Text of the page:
We have learned from the prophets, and we hold it to be true, that punishments, and chastisements, and good rewards, are rendered according to the merit of each man's actions. Since if it be not so, but all things happen by fate, neither is anything at all in our own power. For if it be fated that this man, e.g., be good, and this other evil, neither is the former meritorious nor the latter to be blamed. And again, unless the human race have the power of avoiding evil and choosing good by free choice, they are not accountable for their actions, of whatever kind they be... But this we assert is inevitable fate, that they who choose the good have worthy rewards, and they who choose the opposite have their merited awards. For not like other things, as trees and quadrupeds, which cannot act by choice, did God make man: for neither would he be worthy of reward or praise did he not of himself choose the good, but were created for this end; nor, if he were evil, would he be worthy of punishment, not being evil of himself, but being able to be nothing else than what he was made. (1 Apol 43)

So that what we say about future events being foretold, we do not say it as if they came about by a fatal necessity; but God foreknowing all that shall be done by all men, and it being His decree that the future actions of men shall all be recompensed according to their several value, He foretells by the Spirit of prophecy that He will bestow meet rewards according to the merit of the actions done, always urging the human race to effort and recollection, showing that He cares and provides for men. (1 Apol 44)

Those who lived virtuously are Christians, even though they have been thought atheists; as, among the Greeks, Socrates and Heraclitus, and men like them (1 Apol 46)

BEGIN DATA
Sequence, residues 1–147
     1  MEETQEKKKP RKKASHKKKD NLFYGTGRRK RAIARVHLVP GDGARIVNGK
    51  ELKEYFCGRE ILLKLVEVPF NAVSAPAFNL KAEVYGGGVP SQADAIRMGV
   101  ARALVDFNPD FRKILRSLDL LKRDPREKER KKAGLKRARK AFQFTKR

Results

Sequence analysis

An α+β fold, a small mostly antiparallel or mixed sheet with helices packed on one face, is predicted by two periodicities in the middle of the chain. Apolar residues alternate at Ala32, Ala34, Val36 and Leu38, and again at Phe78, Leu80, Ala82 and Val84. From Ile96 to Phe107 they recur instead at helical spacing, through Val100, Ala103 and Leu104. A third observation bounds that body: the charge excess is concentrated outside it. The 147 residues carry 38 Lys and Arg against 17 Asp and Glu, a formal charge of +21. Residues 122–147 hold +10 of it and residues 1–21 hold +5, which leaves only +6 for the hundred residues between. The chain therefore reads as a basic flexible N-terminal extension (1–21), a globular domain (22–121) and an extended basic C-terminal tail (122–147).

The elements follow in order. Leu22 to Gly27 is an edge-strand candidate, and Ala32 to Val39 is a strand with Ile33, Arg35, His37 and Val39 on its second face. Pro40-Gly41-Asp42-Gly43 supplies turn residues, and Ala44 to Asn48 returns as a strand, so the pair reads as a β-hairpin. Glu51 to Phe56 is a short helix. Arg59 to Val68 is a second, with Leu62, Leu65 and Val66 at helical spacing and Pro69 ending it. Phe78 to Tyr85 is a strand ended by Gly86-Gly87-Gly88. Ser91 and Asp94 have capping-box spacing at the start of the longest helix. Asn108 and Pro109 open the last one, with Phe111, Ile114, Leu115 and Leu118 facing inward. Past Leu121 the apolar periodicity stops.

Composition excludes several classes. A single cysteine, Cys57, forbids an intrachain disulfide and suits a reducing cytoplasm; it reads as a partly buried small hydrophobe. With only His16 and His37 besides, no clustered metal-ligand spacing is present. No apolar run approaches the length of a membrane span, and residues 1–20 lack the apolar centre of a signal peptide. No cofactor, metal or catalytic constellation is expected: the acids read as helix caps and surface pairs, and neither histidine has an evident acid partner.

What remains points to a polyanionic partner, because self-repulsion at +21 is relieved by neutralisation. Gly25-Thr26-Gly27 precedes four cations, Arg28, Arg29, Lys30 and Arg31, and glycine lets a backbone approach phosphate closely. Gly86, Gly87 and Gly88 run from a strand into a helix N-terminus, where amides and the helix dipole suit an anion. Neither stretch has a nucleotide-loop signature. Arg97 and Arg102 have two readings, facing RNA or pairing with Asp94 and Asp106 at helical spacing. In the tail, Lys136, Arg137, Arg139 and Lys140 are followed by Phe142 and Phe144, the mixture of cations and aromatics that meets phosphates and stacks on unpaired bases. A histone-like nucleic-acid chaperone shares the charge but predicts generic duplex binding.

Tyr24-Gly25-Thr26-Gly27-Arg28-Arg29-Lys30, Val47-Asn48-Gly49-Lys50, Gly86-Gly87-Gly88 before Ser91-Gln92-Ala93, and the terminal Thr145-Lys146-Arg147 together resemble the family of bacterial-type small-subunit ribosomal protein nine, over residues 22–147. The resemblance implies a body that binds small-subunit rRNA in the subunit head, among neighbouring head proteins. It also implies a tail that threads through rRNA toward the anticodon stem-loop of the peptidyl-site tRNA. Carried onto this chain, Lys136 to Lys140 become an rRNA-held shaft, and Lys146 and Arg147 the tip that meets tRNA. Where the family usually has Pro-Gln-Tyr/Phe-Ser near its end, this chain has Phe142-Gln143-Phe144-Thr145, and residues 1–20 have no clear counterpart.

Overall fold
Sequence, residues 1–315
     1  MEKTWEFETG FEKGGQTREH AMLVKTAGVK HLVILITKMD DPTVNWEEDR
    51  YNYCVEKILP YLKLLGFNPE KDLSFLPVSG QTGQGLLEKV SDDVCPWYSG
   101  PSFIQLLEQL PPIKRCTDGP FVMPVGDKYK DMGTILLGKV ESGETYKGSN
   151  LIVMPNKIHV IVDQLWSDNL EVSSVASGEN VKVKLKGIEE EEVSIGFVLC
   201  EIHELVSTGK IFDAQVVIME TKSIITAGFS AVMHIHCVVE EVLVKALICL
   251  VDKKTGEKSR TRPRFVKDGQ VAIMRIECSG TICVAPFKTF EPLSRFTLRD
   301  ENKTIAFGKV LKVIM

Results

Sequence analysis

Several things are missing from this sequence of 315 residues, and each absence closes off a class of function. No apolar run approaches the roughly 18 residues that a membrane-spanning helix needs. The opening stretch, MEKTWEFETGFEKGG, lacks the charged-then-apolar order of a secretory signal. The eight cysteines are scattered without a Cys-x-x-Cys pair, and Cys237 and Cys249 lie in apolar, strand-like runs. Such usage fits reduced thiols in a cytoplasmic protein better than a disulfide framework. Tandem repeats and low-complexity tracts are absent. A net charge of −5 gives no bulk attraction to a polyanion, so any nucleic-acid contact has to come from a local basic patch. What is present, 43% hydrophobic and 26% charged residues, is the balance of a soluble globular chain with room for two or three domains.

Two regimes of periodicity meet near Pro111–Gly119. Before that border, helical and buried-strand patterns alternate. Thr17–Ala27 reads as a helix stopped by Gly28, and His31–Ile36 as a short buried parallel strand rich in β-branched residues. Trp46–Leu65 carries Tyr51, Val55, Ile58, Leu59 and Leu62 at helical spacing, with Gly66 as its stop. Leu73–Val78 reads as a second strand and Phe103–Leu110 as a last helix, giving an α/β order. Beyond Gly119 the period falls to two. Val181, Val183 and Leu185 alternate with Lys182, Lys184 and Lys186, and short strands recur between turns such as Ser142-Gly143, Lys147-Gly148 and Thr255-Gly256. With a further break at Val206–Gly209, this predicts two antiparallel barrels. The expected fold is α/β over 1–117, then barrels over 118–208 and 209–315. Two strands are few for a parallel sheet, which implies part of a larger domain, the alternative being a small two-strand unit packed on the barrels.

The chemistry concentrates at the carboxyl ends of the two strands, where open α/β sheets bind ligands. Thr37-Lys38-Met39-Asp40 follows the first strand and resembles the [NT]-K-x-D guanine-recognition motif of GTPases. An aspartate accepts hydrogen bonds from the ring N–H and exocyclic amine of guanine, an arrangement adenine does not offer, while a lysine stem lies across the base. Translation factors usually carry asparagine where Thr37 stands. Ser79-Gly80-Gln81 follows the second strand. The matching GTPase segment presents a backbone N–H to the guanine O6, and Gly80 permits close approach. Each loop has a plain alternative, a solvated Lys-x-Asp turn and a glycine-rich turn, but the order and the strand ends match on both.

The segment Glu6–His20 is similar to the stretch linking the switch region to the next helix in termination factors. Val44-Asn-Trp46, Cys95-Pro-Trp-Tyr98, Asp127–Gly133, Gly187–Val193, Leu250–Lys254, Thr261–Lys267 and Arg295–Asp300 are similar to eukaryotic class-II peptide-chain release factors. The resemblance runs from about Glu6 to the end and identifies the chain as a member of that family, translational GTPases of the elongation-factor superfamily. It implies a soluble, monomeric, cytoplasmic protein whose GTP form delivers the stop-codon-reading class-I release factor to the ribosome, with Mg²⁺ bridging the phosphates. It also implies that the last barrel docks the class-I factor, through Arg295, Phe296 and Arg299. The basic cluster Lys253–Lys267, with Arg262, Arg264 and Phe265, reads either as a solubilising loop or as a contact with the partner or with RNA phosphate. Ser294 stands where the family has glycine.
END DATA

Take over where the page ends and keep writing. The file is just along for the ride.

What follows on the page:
He shall raise the bodies of all men who have lived, and shall clothe those of the worthy with immortality, and shall send those of the wicked, endued with eternal sensibility, into everlasting fire with the wicked devils. (1 Apol 52)

The unjust and intemperate shall be punished in eternal fire, but the virtuous and those who lived like Christ shall dwell with God in a state that is free from suffering (2 Apol 1)

The teaching of Christ [says] that there shall be punishment in eternal fire inflicted upon those who do not live temperately and conformably to virtue. (2 Apol 2)

But neither do we affirm that it is by fate that men do what they do, or suffer what they suffer, but that each man by free choice acts rightly or sins;...since God in the beginning made the race of angels and men with free-will, they will justly suffer in eternal fire the punishment of whatever sins they have committed. And this is the nature of all that is made, to be capable of vice and virtue. For neither would any of them be praiseworthy unless there were power to turn to both [virtue and vice]. (2 Apol 7)